You're in a cab and need to make immediate contact with co-workers. You have a 10-person conference call in about a minute and need to get your latest emails in preparation for the meeting. No worries. With the power of unified communications (UC), this is a no-brainer. Presence technology, or click-to-call, is at the heart of the UC concept and enabling on-the-go communication scenarios like those above. UC gives users converged communication and collaboration services including presence, Web, voice, video, messaging, and telephony, all accessible through a coherent experience.
With UC, users can right click to call while using email, launch a phone call by selecting a telephone number from a Word document, or dial straight from a website. And that's just scratching the surface, experts say. Essentially, a call can reach you wherever you are, on any device, and office functionality is at your fingertips.
UC is a combination of equipment, software and services tied together to enhance individual, workgroup and organisational productivity, enabling control and management of multiple enterprise communication methods. According to Gartner, the technology comes in three flavours: bundled in a single solution (Nortel's approach); as a broad portfolio of separate communication functions all tied together through shared services such as presence, administration and directories (Cisco and Microsoft's strategy); or as a common communications framework or middleware that can be used by unrelated applications (IBM and Oracle's model).
"UC brings together different modes of communication including email, phone, fax and IM, in one place," Microsoft Asia-Pacific, unified communications general manager, Ben Graetz, said. "It makes it easier to use different systems, makes workers more productive, and reduces administration costs."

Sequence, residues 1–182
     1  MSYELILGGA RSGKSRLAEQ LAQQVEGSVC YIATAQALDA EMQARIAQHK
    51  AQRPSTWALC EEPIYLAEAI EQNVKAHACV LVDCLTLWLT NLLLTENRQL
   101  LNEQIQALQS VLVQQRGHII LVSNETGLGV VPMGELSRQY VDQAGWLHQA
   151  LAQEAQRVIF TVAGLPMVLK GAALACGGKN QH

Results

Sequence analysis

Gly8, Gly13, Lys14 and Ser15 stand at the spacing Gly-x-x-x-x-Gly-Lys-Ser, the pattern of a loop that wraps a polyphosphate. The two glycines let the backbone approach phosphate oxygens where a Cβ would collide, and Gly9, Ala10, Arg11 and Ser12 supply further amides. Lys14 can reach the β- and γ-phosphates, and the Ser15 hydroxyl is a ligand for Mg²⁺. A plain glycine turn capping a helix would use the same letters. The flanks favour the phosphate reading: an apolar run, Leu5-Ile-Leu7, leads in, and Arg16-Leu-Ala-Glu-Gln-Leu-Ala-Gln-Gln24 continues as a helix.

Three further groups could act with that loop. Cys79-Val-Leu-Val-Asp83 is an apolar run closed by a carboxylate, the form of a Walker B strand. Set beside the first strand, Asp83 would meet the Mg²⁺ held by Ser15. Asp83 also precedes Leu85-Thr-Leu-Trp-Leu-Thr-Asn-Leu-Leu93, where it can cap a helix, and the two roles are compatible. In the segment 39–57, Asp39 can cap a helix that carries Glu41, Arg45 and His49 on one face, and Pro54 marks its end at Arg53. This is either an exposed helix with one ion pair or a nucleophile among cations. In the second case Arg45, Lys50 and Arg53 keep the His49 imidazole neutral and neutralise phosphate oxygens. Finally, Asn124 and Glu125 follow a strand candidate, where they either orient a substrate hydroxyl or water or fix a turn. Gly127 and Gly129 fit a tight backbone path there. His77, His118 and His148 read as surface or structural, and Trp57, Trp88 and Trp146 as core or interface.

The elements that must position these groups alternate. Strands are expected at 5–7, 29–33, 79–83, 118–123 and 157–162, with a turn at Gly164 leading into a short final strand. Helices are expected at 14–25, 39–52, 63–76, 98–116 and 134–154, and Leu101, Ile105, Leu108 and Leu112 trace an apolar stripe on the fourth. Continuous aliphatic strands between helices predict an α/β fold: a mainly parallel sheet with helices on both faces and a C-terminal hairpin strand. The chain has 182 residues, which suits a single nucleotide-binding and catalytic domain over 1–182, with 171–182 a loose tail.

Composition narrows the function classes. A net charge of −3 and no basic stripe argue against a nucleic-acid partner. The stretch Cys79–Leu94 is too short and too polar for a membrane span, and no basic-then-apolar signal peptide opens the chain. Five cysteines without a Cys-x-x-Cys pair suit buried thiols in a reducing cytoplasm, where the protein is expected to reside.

Graetz said the core building blocks of Microsoft's concept included Exchange and Active Directory. "Organisations today use different directories for email, voicemail and phone systems, and managing each can be costly. Using one directory brings efficiency and cost savings," he said. "Standardising on Active Directory and Exchange is the first step and the core infrastructure. From that base, users can add and expand out the capacity of the system."
A simple case
Analysts tell us UC promises to simplify business processes, improve customer service, and increase productivity and profitability. It aims to get rid of the communication silos and reduce delays in accessing and communicating with others.
IDC telecommunications associate analyst, Yue Vivian Li, defines UC as a software infrastructure platform that consolidates directory, routing, and management of communications across a growing set of applications. These include advanced IP telephony calling and management; Web, audio- and videoconferencing; instant messaging; and pervasive presence management and awareness. All are accessible through desktop and mobile devices and as functions available to business applications developers.
The worldwide UC market was worth $US19.3 billion last year. This incorporated IP PBX, hardware desktop IP phones, conferencing applications, instant messaging applications, integrated collaborative environments, unified messaging, soft switches, media gateways, mobile enterprise applications, VoIP support services, WAN application delivery, hosted IP services, VoIP management solutions, and wireless business services revenue.
Li said UC solutions are poised to transform enterprise communications. "It will change the way we work and communicate," she said.
Despite its rapid maturity, the technology is at an early stage and adoption of converged solutions is slow. Li said the growing uptake of IP telephony, along with the high mobility and communication needs pushed by Generation Y entering the workforce, would fuel market uptake of UC solutions.
3D Networks CEO, Chris Luxford, argued true UC was still about six months away.
"There's been an interesting evolution in the last couple of years," he said. "Two or three years ago, IP telephony and VoIP were the main buzz words. Now it's about using unified communications. There's a signify cant install base of IP telephony and they are looking to expand functionality."
Luxford said IP telephony was still the foundation for most discussions. There was also still lots of work to be done with integration and open standards.
"Customers today are generally buying IP telephony with a view towards implementing UC down the road," he said. "Less than 10 per cent of customers are buying UC.